The phrase “too much; too soon” is starting to come to mind.
Connor McDavid IS worth $12.5 million per season. At 20, he’s already the best player in the NHL. He’s a freak of nature. Running has Usain Bolt. Golf has Tiger Woods. Basketball has LeBron James. Baseball has that guy that throws stuff. Curling and football also have guys that throw stuff. My point is, generational talents are going to get paid all the money, because they are one in a billion.
Reading Eklund’s blog today discussing the potential for David Pastrnak to get traded, not because he’s bad, but because he’s 21 years old and he’s seeking a new contract that would pay him $6 or $7 million per season. There’s rumors everywhere that the Buffalo Sabres are going to willingly give young Jack Eichel almost-McDavid dollars in an extension. Eichel is good, but he’s not McDavid. Hell, I’m not sure he’s Auston Matthews-level good. Pastrnak in his teens didn’t show signs that he’d turn in to what he has.
Edmonton has this lingering contract situation with center/winger Leon Draisaitl. He, like Pastrnak, is only age 21. In terms of quality and prospect projection, Draisaitl has more in common with Eichel than Pastrnak, although Draisaitl and Eichel are very different types of players. Eichel is slick. He’s perhaps a fully-realized version of the unfortunately disappointing Ryan Nugent-Hopkins. He possesses a high level of compete and plays a smooth, nifty game.
There is something very Mark Messier about Leon Draisaitl. I remember watching Drai play during the Memorial Cup a few years ago, and saw him carry his entire team in a dominating, mighty way. He managed to do it again during the Oilers 2017 playoff run. Draisaitl commanded the ice at a level comparable to what McDavid does nightly. What makes McDavid a freak is that he plays like his game is constantly elevated. If there was a chart showing the evolution of hockey players, McDavid would be the highest form of being. Nobody expects that from “normal” hockey players, including Draisaitl.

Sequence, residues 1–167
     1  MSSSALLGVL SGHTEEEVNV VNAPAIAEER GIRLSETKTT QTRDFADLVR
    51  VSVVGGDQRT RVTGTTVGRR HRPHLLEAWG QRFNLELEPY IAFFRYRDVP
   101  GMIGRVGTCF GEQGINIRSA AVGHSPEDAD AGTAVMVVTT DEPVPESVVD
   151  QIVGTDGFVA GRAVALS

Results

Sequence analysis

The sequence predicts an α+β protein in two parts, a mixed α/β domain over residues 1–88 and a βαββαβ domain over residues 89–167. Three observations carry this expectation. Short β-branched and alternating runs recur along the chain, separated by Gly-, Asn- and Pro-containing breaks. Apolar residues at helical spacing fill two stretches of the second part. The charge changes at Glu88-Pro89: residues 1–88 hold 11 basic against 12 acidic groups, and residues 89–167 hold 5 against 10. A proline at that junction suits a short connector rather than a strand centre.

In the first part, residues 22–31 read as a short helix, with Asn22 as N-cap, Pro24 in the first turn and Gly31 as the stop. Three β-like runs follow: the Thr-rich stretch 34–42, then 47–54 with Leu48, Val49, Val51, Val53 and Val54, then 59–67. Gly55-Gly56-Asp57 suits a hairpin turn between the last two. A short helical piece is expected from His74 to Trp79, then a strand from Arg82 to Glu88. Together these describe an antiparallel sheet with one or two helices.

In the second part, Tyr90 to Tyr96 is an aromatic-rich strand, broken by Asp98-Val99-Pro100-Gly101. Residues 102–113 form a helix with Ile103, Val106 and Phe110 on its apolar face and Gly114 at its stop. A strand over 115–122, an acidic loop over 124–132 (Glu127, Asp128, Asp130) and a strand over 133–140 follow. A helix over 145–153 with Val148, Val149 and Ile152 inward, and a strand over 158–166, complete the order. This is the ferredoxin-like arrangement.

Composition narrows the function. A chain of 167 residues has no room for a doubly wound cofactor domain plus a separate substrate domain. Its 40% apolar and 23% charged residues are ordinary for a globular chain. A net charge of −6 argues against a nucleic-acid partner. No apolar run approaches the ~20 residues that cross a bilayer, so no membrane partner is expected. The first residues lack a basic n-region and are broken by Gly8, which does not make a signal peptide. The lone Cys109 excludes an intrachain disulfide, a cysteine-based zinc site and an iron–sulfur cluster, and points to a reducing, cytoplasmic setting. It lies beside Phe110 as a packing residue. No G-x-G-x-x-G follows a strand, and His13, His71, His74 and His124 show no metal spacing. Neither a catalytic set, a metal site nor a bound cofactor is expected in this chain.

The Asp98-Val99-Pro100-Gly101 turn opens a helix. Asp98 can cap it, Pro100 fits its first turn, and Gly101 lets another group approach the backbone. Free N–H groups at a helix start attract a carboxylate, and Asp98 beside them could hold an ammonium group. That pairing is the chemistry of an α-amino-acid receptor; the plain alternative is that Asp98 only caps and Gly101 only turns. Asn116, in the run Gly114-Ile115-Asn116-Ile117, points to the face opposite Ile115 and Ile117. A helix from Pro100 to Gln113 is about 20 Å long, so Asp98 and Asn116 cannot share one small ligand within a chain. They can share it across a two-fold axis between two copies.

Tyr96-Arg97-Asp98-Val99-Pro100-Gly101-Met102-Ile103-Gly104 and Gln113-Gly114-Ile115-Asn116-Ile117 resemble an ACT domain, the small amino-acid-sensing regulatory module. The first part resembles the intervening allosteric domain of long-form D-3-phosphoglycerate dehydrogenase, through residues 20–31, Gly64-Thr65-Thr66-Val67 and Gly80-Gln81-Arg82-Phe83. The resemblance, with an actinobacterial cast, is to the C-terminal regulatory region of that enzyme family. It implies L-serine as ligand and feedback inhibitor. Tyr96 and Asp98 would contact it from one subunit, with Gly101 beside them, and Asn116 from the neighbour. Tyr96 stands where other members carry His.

Messier had this leadership thing where he’d go out (when motivated) and completely run over the opposition. An unstoppable force. He could turn it on and off, and usually he turned it on during important games and playoff time. Draisaitl is decent on a nightly basis, but when he’s motivated, he’s a force.
Look, no one is debating whether or not Draisaitl should get paid. However, this could be a situation where “too much; too soon” applies.
Draisaitl has had one great regular season, finishing in the Top 10 in scoring, and one great playoff, where he led all players in points per game average. We all realize he’s going to be a star in the NHL, and at least once, he’ll lift the Stanley Cup over his head. Especially if he sticks around in Edmonton.
I shudder at the thought of Oilers management being forced to trade this guy. They won’t. Draisaitl’s people haven’t said anything negative about Edmonton, and Oilers management have maintained Draisaitl will be back. Oilers fans are panicking a bit regarding the lack of new contract, although I believe part of the reason panic is setting in is that neither side in this negotiation is saying anything. It seems like they aren’t talking, and if they aren’t, it makes you wonder why.